Myanmar’s Christian population grows to 6.2 per centPublished: Aug. 3, 2016
Myanmar’s Christian population has increased dramatically, according to the latest figures in a supplement to the 2014 Population and Housing Census, conducted by the UN Population Fund (UNFPA).
Christians now make up 6.2 per cent of the population – more than three million people – compared to 4.9 per cent the last time a full census was conducted in 1983. The religious data is the latest in a staggered release of volumes published over the last two years.
Some commentators say it was delayed to avoid a backlash from nationalists anticipating a sharp rise in non-Buddhist religions, which they feel threaten Myanmar’s Buddhist identity. The UNFPA, however, said in 2015 that it would release information on ethnicity and religion in 2016 because it required “more time for analysis and consultation”.
Other religions show fall in numbers
Christianity remains the second most popular religion. Buddhism had a fall of one per cent since the 1983 census, but with almost 88 per cent of the population identifying as Buddhists, it remains the dominant religion. Hinduism showed small gains, while animism and Islam showed a decline, although the census didn’t count the estimated one million Rohingya Muslims, considered as non-citizens. If they had been included, it would have brought the Muslim population to four per cent, instead of two per cent.
The latest report showed that half of Myanmar’s three million Christians live in the states of Shan, Kachin and Chin. More than 85 per cent say they are Christian in Chin, which is the only state that doesn’t have a Buddhist majority. Christians in Kachin account for 34 per cent of the population. However, Daw Khun Jar, coordinator of the Kachin Peace Network, feels the Buddhist majority in Kachin is a fabrication. “The government should release the real findings,” she said.
Armed conflict in Kachin and Kayin (Karen) states prevented the full collection of data, but the UN estimates that the religious makeup of those states will not significantly alter the proportion of Christians in the country.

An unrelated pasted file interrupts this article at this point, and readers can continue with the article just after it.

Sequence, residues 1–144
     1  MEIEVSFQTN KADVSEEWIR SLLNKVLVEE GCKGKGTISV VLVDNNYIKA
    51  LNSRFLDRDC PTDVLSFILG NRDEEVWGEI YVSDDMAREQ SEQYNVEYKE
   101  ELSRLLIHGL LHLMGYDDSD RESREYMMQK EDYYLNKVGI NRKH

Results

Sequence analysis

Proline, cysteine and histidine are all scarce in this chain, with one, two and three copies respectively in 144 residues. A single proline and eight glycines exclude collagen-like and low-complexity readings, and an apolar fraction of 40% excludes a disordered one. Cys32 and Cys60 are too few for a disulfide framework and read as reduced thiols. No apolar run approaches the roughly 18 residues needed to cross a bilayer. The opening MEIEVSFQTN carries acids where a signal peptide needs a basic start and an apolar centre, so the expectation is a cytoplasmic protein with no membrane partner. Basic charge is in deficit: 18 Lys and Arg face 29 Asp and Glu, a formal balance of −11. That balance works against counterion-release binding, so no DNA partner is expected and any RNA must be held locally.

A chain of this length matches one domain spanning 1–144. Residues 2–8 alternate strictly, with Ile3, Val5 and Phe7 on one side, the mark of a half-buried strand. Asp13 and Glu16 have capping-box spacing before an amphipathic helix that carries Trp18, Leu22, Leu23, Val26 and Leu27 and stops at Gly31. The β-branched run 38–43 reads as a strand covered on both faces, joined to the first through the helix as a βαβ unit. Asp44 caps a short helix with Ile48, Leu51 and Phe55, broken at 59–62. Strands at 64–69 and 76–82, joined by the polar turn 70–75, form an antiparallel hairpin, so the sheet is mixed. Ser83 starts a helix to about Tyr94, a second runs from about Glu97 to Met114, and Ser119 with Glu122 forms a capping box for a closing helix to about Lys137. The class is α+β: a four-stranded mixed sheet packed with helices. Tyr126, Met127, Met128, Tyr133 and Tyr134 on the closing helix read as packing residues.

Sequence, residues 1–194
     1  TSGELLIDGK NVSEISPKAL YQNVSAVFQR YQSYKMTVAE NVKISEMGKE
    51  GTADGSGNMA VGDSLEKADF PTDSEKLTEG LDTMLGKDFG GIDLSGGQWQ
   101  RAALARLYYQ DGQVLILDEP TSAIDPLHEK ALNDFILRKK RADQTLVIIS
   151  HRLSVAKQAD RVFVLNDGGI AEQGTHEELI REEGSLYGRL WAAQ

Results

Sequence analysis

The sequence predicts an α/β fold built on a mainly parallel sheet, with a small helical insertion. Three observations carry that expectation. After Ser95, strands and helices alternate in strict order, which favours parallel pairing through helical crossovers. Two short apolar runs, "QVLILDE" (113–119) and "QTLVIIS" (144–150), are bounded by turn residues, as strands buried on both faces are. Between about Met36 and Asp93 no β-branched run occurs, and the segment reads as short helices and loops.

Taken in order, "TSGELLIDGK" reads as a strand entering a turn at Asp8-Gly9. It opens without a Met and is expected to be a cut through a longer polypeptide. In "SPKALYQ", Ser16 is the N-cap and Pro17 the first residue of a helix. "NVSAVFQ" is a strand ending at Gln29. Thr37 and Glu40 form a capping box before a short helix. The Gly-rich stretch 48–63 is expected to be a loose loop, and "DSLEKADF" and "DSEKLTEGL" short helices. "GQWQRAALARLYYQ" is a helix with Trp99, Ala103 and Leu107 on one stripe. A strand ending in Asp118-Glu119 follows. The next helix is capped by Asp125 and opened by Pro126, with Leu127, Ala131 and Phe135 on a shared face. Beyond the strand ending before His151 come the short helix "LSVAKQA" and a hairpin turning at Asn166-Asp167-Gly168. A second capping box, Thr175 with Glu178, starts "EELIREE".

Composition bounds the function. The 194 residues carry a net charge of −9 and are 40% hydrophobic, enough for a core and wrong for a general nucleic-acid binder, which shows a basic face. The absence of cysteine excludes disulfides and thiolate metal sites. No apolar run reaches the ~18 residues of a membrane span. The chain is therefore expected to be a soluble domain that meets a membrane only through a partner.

The relationship between both the Kachin and Karen ethnic groups - the two mainly identify as Christian - and the government is tense, and exacerbated by slow progress in identifying and prosecuting perpetrators of the many documented cases of sexual assault in the states by Myanmar troops.
In Karen, Christians have also recently been threatened by a spate of Buddhist nationalists illegally building pagodas on church grounds.
Thomas Muller, analyst for World Watch Research of Open Doors International, which supports Christian minorities globally, said: “As the Buddhist nationalist group Ma Ba Tha keeps warning against an influx of Muslims threatening Buddhist-majority Myanmar, there were fears that, if the census showed a growth in percentage of the Muslim population, it could fuel the tensions Ma Ba Tha is stoking. But Muslims only experienced a slow growth, even including the self-identified Rohingya, who were not counted in the census.
“But it may turn out as short-sighted to ignore such fears now. Ma Ba Tha is not just anti-Muslim, it is Buddhist nationalist, so Christians could come increasingly into its focus. Especially when, as the Myanmar Times report says, the number of Christians in contested Kachin State are heavily under-reported. In any case, the numbers show how religiously diverse Myanmar is and that the government faces challenges with that.”